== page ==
Property Management Blog

AB 1482: San Jose Landlords Need to Know About the Tenant Protection Act of 2019

AB 1482: San Jose Landlords Need to Know About the Tenant Protection Act of 2019

The Tenant Protection Act of 2019 went into effect in January of 2020, but shortly after that, the pandemic began and eviction moratoriums really impacted the San Jose rental market far more than the new rental laws that had been such a hot topic until that point. 

While rent control and just cause evictions are the main points of AB 1482, or The Tenant Protection Act, understanding this law has become even more important as Additional Dwelling Units (ADUs) are on the rise in the San Jose rental market. 

Let’s talk about what this means for you if you’re thinking about an ADU in a property you already own. 

Tenant Protection Act Review

There are a lot of details involved in The Tenant Protection Act, and hopefully you have familiarized yourself with it enough that you know whether your San Jose rental property is included or exempt from its rent control stipulations. Here’s what you generally need to know:

  • The law introduced statewide rent control to California, stating that landlord cannot raise the rent more than five percent plus the annual cost of living increase that’s set by the Consumer Price Index (CPI).  

  • You may be exempt from rent control if you’re an individual landlord who owns and rents out one single-family home, a townhouse, or a condo. The age of your property will also come into play. If your property received a Certificate of Occupancy in the last 15 years, you will also be exempt. 

  • Just cause evictions are required if you want to remove a tenant. Before this law was passed, you had the option of not renewing your lease with your tenants. You could simply provide the appropriate notice and they would move out and you’d get your property back. The big change in the eviction process is that in order to remove your tenants without penalty, you have to have just cause. This means they are not paying their rent, they’re engaging in criminal activity, or they’re not following the terms of your lease agreement.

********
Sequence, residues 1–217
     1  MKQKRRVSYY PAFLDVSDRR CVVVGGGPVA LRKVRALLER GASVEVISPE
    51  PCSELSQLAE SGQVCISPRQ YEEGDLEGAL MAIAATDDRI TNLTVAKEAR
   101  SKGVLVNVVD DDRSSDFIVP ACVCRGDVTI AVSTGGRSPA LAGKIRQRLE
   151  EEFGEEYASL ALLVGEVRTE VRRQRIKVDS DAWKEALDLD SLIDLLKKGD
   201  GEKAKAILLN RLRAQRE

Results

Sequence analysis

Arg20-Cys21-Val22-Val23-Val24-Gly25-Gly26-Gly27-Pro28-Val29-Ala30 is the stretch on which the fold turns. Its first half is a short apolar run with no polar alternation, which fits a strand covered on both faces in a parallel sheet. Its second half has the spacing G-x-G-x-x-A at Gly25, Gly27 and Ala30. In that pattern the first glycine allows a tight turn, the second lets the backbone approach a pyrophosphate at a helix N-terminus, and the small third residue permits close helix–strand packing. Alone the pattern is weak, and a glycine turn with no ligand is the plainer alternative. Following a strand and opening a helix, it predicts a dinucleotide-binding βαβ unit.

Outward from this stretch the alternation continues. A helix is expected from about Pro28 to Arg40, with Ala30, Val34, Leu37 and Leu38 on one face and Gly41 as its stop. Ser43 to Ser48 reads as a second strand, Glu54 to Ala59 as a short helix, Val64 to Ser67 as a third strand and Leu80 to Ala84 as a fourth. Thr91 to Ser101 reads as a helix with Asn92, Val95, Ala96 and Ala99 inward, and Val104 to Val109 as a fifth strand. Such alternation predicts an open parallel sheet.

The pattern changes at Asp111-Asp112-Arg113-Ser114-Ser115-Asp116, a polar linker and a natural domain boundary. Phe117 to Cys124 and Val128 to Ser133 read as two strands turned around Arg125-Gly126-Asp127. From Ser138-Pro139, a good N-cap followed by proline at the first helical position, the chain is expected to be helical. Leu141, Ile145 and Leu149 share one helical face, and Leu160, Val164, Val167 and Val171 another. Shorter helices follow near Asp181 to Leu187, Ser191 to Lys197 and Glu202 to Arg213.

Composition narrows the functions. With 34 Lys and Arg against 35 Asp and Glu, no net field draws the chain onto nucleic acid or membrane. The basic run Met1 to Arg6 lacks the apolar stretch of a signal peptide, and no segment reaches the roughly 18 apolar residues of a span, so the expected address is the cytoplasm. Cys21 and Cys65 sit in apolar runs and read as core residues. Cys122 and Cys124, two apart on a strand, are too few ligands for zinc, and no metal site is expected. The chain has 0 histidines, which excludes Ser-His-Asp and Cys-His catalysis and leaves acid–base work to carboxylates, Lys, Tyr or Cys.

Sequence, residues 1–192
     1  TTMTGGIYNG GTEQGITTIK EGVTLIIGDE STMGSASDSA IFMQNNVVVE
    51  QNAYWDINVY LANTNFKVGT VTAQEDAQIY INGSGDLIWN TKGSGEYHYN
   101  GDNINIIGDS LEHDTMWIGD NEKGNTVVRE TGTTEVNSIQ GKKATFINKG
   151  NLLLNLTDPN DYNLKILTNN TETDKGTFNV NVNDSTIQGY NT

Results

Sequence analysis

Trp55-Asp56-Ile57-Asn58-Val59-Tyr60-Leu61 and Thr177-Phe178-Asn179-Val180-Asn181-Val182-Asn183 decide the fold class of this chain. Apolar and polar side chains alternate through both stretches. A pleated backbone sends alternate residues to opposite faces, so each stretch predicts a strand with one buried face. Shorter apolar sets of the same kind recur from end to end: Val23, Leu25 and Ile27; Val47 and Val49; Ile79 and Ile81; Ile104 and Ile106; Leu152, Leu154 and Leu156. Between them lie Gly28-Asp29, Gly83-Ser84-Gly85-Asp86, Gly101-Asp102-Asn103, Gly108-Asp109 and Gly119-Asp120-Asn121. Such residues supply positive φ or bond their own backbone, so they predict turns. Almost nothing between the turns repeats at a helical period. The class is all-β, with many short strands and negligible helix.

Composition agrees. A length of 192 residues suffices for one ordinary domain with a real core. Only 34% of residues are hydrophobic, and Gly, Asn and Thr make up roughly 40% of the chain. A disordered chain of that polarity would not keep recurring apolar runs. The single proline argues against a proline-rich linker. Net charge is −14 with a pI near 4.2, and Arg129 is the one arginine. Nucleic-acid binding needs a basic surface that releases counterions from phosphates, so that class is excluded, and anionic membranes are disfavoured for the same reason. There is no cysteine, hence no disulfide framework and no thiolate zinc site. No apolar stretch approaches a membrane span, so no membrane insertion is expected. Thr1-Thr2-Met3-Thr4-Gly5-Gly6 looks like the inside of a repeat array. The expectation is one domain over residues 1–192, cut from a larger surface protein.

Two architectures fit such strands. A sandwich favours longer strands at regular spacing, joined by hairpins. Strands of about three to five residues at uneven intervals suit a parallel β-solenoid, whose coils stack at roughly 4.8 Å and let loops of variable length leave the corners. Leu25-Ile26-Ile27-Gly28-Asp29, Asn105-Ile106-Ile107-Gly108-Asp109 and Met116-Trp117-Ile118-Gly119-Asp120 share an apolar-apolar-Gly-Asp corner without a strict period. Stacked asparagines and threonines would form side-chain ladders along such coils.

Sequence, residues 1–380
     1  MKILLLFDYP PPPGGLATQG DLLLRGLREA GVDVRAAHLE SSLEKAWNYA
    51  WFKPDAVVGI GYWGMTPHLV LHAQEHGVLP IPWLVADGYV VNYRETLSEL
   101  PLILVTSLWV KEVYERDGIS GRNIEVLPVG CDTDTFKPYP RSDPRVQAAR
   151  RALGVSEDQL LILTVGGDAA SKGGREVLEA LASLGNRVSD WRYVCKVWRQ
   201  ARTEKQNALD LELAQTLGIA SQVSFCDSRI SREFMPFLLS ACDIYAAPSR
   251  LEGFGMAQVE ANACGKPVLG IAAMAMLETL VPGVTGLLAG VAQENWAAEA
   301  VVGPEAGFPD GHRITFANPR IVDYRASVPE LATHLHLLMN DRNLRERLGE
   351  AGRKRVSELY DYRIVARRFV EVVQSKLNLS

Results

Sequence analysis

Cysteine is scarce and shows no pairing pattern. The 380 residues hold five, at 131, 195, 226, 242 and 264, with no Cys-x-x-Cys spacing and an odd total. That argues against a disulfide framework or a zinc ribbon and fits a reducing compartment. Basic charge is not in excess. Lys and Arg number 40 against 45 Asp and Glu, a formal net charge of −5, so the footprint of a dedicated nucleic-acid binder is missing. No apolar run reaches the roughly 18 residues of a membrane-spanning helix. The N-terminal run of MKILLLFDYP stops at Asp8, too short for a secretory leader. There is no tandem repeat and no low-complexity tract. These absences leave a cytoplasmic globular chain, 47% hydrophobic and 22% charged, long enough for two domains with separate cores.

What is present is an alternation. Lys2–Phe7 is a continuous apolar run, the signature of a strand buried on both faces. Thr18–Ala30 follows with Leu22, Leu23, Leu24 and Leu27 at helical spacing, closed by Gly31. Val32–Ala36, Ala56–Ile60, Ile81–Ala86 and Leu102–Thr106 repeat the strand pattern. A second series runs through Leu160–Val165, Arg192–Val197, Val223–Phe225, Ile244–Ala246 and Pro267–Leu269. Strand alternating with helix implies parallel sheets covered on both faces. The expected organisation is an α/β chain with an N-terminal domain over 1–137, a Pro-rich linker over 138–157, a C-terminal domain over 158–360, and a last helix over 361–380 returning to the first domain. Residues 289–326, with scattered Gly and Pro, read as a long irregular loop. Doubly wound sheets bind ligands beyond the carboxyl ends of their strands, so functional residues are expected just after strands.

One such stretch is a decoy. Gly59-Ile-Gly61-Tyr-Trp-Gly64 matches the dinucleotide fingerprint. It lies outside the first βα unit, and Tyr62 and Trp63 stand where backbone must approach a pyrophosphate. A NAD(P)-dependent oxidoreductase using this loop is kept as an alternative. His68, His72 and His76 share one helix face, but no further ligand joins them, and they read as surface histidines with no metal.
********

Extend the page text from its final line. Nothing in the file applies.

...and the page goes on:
• If you want to remove your tenants for another reason but you don’t have just cause, you can still serve them notice, but you’ll have to pay a relocation fee which is the equivalent of one month’s rent. 

Additional Dwelling Units in San Jose Rental Homes

Home RentalWhat’s most important for our discussion today is whether or not you’re renting out a single-family home or a multifamily property. Most multifamily properties will be included in the law, unless they’re new construction. If you’re renting out a single-family home, you’re likely exempt from rent control. 

BUT, if you’re adding an addition unit to that home, such as a garage apartment or a guest apartment, that single-family home becomes a duplex. What does this mean? That it’s now a duplex and it falls under AB1482. 

If you’re living in the primary residence and renting out a separate ADU, you’re still exempt. That’s not considered a multifamily property. But, if are renting out both the primary residence and the ADU, you’re suddenly looking at new requirements subject to The Tenant Protection Act. 

There are a lot of variables involved with this law. You also have to make sure your lease agreement reflects specific language that identifies your San Jose rental property as either included in rent control laws or excluded from them. 

It’s easy to make an expensive mistake with rent control, just cause eviction, and adding a rental property to an existing residence. Talk to a professional San Jose property management company before you do anything different with your rental property. We’d love to help, and invite you to contact us at Cornerstone Property Management.